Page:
Do Daily Deals Have a Future?

Groupon headquarters in Chicago
Groupon headquarters in Chicago

Photo by Scott Olson/Getty Images.

My column today says that Groupon’s real problem isn’t the endless accounting snafus, it’s the unsound underlying business model.

Related to that, I was interested to read today that Groupon competitor LivingSocial is looking to move away from “instant deals” as the main use of its mobile platform. Instead, the new idea is to use LivingSocial’s installed user base, experience working with restaurants, and developer team to facilitate pickup and delivery food orders:

The mobile app allows users to place and pay for orders for either pickup or delivery. On the back end, the restaurant receives the order by fax, and is able to say how long the order will take to fill. Consumers who show up for takeout are directed to a specific line and can pick up their order without having to pay. Restaurants that offer delivery are responsible for supplying the drivers.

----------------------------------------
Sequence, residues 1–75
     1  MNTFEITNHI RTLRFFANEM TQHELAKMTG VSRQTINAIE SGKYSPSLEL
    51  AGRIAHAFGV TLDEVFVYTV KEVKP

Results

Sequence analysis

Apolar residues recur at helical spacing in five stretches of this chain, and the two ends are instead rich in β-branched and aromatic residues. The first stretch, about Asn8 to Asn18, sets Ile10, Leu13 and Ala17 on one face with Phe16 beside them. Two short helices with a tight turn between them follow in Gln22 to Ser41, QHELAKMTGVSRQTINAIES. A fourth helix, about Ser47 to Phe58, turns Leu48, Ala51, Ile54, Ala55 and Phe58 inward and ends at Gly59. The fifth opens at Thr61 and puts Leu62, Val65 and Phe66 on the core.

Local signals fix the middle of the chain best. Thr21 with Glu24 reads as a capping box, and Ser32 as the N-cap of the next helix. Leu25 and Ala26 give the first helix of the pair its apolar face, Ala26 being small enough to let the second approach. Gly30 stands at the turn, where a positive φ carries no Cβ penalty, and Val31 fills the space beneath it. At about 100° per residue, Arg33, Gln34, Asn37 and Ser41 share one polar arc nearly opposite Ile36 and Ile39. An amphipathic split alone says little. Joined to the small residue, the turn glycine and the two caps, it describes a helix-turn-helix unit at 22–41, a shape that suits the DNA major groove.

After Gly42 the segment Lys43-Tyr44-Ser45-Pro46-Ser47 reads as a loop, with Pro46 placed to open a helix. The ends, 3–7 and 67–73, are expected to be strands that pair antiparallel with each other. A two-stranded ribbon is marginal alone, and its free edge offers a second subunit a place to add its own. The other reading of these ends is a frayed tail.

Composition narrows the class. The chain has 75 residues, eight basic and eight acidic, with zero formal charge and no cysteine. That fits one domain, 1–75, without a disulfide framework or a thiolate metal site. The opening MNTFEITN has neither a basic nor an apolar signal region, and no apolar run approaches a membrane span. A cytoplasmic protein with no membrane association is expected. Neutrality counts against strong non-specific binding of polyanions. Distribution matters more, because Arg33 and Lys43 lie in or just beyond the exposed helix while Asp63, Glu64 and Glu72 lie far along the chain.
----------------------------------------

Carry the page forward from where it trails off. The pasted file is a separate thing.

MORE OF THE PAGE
What’s promising about this is that it could make perfect sense to envision LivingSocial operating as a middleman over and over again in operations of this sort. Basically LivingSocial is offering itself up to restaurants as a way to outsource an IT function that’s far afield from a typical eatery’s core expertise. One of the big problems with the daily deal model is that it’s hard to imagine a business wanting to do these kind of deals many times. For a new place starting up, using a discounting service with a large built-in audience can be a very useful way to get customers in the door to try your wares. But if you find that offering customers a lower price is a profit-maximizing strategy, you’re just going to want to cut prices. By contrast, if well-executed a delivery and takeout service with a large registered user base could be something you turn to time and again.